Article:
Fraser Lawson’s symmetrical constructions propose a graphic counterbalance to the randomness of nature. ‘Neurodivergent’, he is driven to create these relatable forms to regain a sense of control over the chaos of outside forces. In the same way a gardener is compelled to compose and manage the arrangements of flowers and shrubs in a ‘perfect’ garden Lawson fabricates a sense of order in abstracted photographs of plants and landscapes. This process has a therapeutic, calming effect on what he calls his ‘jittery mind’.

The final image reflects Lawson’s appreciation for the beauty of nature, but the manipulation veils another layer. Familiar images of flowers, trees and landscapes appear simply mirrored, but look closer and within the reflection, camouflaged in plain sight, you will see a face staring back at you. Is it a mythical creature or a primitive mask? An angel or a demon? Or is it nature itself passing judgement on its own destruction and exploitation by man. Whether the image is a celebration or subversion of its subject is open to interpretation. Like the ink blots in a Rorschach test, depending on your state of mind, it is up to you. Lawson simply asks the question: ‘What do you see?’…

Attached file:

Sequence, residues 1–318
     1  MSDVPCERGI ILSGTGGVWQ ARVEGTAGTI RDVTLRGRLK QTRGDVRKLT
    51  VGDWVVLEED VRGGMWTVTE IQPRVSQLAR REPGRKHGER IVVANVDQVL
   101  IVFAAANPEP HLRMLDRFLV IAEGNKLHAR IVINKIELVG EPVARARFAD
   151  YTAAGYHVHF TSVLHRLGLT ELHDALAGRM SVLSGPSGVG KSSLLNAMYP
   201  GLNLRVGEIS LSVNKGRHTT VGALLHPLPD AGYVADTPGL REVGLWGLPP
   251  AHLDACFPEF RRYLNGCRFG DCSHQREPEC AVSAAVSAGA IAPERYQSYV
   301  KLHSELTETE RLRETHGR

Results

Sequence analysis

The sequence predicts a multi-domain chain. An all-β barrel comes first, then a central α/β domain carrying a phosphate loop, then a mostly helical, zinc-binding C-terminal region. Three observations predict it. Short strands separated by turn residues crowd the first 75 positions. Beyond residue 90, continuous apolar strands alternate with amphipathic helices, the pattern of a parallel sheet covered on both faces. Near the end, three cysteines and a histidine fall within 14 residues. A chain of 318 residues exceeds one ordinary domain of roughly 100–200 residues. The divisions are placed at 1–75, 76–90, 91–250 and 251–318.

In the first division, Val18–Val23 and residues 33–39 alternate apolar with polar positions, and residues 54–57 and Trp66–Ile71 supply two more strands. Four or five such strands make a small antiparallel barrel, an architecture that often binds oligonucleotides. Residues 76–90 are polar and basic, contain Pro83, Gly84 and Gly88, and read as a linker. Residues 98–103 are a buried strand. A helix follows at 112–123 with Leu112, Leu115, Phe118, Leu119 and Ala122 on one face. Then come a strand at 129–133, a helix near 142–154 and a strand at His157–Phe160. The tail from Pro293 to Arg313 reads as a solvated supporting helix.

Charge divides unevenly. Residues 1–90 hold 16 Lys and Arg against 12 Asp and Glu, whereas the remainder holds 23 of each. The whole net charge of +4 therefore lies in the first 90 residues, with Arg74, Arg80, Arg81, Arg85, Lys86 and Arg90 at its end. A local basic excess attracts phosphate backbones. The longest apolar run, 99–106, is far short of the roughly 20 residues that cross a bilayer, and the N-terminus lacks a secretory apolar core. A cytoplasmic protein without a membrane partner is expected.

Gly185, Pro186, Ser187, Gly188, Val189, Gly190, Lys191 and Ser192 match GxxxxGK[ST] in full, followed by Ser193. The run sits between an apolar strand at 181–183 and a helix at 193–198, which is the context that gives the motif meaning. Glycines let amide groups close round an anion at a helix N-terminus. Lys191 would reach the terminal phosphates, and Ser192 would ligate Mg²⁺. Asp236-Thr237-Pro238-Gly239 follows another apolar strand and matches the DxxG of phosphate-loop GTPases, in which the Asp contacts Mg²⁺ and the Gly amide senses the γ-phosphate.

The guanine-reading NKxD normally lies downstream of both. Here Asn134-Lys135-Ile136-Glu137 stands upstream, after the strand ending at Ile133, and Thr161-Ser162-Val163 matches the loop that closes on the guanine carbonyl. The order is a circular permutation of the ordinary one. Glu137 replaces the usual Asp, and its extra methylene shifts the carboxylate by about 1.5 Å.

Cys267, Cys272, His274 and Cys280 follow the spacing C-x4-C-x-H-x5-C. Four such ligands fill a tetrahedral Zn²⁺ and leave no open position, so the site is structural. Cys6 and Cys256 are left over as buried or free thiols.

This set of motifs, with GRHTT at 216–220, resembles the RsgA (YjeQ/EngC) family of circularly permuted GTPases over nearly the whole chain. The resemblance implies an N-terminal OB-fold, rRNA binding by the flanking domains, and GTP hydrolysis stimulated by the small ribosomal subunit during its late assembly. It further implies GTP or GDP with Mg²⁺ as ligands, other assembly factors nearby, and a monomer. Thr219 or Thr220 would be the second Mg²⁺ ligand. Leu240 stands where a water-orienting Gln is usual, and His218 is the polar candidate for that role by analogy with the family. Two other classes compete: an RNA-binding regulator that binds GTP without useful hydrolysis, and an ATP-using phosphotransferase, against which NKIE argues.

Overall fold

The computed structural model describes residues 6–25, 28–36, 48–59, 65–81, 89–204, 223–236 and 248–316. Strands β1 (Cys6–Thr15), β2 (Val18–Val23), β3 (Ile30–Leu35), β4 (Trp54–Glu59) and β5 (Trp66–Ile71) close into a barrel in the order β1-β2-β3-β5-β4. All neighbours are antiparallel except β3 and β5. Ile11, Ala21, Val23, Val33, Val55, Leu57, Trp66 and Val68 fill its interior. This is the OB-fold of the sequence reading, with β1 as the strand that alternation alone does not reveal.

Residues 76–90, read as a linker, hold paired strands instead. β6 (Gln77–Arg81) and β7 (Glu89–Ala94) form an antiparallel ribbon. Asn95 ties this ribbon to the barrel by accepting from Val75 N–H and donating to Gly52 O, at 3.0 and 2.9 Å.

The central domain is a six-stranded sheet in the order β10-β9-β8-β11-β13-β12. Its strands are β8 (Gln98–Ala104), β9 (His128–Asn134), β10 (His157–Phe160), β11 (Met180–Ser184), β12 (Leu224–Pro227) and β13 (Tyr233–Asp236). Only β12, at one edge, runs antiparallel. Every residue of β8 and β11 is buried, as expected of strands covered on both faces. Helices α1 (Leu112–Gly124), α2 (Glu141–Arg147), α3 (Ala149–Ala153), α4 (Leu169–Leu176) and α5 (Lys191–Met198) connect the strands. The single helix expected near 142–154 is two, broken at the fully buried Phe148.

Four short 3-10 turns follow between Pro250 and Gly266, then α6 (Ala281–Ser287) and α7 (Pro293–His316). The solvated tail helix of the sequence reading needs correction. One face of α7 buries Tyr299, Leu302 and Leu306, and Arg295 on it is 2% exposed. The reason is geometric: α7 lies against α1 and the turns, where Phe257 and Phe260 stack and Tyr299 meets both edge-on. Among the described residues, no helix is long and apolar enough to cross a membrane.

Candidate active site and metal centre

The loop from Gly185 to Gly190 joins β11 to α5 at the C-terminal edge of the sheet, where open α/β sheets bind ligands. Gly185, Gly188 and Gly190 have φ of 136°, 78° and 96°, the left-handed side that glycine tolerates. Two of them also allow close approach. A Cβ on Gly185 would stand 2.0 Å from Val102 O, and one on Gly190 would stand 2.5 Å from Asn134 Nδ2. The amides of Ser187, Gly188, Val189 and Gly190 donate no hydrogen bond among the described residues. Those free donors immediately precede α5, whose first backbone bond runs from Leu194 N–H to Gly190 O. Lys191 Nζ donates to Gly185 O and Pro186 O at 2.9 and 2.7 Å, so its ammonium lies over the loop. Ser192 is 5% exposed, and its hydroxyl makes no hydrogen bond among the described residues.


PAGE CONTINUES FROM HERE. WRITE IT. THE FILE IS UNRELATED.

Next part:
Acer No1 Series #1,
Whitehall Park, North London, April 2018
Queen Anne’s Lace B+W No1 Series #1,
South of France, June 2019
Heath Trees No1 Series #5,
Hampstead Heath, North London, March 2020